After a four course dinner paired with a delightful Argentinian Malbec, we put our harnesses and helmets back on to traverse-climb to our private sleeping pod. Each pod has one king size bed and two twin bunks so they can comfortably sleep four. The pods have ALL clear walls and ceilings and floors. Although they are called glass pods, the glass is actually an aircraft plexiglass riveted to an aluminum frame and fixed to the granite wall with cables and bolts. Guests enter the pods through a trap door on the roof.

A question everyone asks is - Where do you go to the bathroom? Each pod actually has a very simple and clean toilet system. “Liquids” go into a funnel that drains into a sand filter in the ground. Men use the funnel like a urinal, women use a chamber pot in the toilet to pour liquids into the funnel. “Solids” go into a plastic bag that hangs below a normal toilet seat and are tied up and sent down a chute for the climbing staff to retrieve. A spray bottle of mild bleach is used to sanitize everything after each use. Simple, clean, effective with no mess and no odors.

Sleeping in the pods is a truly unique experience. Once inside, guests are allowed to remove their harnesses and helmets to move about freely in pod. Each pod comes with a half-bottle of wine to enjoy a romantic evening among the stars and village lights 1,200 feet (400m) below. The stars - wow! The stars will leave you speechless looking up at the Milky Way and the Southern Cross constellation. If you have some fear of heights, sleep may come a little hard staring down at the valley below through the glass floor, but if you are comfortable with heights, you may just get one of the best night’s sleep of your life.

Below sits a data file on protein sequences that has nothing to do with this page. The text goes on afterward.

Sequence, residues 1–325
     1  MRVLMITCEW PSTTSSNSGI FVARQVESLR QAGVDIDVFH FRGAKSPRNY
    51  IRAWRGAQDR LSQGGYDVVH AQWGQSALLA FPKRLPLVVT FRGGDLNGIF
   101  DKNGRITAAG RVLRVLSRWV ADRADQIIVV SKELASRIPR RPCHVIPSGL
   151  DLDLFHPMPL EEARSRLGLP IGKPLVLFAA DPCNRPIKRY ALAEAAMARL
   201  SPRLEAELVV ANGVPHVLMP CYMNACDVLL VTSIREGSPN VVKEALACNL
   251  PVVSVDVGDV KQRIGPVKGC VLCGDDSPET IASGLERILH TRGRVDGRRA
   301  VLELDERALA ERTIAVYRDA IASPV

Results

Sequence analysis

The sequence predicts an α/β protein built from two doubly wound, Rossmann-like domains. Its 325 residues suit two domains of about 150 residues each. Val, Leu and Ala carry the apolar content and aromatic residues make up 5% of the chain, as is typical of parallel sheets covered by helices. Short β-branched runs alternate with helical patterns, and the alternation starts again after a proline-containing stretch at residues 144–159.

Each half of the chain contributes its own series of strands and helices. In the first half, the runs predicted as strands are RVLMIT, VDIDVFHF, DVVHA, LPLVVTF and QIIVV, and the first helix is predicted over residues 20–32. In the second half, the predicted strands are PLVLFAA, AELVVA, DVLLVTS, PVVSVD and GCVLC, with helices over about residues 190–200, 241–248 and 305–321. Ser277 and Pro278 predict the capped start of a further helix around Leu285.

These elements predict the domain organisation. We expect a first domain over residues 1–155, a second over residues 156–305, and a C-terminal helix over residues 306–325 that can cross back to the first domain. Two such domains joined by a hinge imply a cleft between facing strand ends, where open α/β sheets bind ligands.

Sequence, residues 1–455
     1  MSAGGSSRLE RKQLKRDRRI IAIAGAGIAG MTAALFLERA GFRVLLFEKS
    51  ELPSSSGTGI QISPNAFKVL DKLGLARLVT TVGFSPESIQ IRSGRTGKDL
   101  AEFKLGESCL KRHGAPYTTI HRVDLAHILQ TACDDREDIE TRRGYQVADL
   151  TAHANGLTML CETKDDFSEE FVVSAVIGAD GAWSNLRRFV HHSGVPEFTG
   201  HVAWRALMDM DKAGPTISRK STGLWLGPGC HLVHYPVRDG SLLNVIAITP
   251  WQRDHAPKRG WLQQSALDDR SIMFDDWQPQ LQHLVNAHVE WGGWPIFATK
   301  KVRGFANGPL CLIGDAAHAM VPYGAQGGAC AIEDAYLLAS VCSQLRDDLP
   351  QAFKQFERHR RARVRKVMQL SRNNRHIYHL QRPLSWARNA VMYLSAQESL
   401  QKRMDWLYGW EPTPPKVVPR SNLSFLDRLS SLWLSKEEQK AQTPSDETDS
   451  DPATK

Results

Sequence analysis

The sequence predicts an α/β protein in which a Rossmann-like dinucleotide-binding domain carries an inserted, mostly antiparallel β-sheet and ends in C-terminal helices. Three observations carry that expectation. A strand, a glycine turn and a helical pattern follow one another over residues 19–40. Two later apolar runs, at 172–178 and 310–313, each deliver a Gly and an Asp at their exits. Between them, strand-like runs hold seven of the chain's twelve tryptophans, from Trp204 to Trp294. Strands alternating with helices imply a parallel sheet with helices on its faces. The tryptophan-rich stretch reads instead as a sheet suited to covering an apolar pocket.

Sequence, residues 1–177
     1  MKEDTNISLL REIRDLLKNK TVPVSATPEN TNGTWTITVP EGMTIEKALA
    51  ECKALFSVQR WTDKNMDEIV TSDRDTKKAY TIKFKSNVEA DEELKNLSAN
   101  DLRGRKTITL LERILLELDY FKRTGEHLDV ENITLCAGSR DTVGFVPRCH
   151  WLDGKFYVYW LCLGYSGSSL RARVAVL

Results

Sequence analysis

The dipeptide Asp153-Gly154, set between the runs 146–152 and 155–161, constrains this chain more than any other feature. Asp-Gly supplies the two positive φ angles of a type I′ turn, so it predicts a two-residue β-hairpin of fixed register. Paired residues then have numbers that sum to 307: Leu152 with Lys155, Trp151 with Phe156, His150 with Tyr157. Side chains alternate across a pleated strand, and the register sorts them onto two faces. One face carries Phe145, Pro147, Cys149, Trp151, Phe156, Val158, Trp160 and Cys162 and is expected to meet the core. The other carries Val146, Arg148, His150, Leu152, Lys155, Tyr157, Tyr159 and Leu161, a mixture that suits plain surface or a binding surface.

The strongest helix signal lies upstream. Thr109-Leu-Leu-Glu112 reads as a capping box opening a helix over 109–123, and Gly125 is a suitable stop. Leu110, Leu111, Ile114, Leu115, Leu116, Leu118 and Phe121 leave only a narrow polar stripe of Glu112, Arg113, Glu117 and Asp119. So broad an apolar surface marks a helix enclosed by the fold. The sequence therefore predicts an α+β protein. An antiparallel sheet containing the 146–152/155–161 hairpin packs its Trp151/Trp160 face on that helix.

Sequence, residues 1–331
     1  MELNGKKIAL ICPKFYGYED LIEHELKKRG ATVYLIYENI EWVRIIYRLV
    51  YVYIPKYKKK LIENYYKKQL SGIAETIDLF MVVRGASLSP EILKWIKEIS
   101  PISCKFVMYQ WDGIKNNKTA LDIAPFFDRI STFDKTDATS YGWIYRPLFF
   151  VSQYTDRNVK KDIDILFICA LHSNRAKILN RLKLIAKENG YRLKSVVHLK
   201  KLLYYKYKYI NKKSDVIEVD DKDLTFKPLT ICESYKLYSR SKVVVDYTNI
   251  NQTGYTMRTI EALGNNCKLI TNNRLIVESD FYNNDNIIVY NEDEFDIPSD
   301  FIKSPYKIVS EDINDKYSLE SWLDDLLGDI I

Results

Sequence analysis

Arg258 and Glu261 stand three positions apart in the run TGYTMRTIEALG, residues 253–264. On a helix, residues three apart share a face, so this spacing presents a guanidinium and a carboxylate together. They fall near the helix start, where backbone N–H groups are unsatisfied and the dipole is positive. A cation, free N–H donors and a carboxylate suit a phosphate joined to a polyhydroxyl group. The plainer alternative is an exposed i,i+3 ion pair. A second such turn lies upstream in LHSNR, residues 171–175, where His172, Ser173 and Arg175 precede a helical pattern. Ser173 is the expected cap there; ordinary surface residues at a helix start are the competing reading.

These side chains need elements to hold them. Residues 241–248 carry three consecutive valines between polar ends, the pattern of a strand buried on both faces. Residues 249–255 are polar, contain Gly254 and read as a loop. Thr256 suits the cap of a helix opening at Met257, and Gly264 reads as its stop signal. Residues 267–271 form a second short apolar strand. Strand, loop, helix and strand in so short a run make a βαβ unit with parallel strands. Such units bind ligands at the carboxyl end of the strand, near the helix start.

The next morning, guests are woken up by a guide with a thermos of hot water for coffee before gearing up to traverse-climb back to the dining pod for a full breakfast. Following breakfast, guests are treated to seven criss-crossing zip-lines back down the wall to the valley floor. What a ride!

Pro-Tips

1)            DON'T over pack. Remember that you have to carry all of your own clothes and toiletries. These are climbers who aren’t offended to see you in the same outfit two days in a row.

2)            DO pay for the photography package. For US$130.00, one of the guides with professional photography experience and a professional DSLR camera will record your climb for your friends from angles that you can’t get of yourself, and they will send you the electronic images for posting to your social media.

3)            Skylodge also offers just climb up and zip-line down experiences and lunch experiences in the dining pod. Guests with partners who are not comfortabe with the via ferrata route, can opt to hike to the pods on a meandering trail that doesn’t require harness and helmet. The same trail can be used by guests to hike down if they are uncomfortable with the zip-lines.

4)            Elevation really isn’t a big concern if you do a Skylodge experience after spending a few days in the Sacred Valley or hiking the Inca Trail. The valley floor is at about 7,000 ft and you climb the via ferrata route to about 8,200 ft. Doing a Skylodge experience right from the plane if you live at sea level, may be a little bit tiring, but not particularly dangerous.

 

Phil & Diane

 

[Note: No goods or services were provided by Skylodge Adventure Suites in exchange for feature in this article.]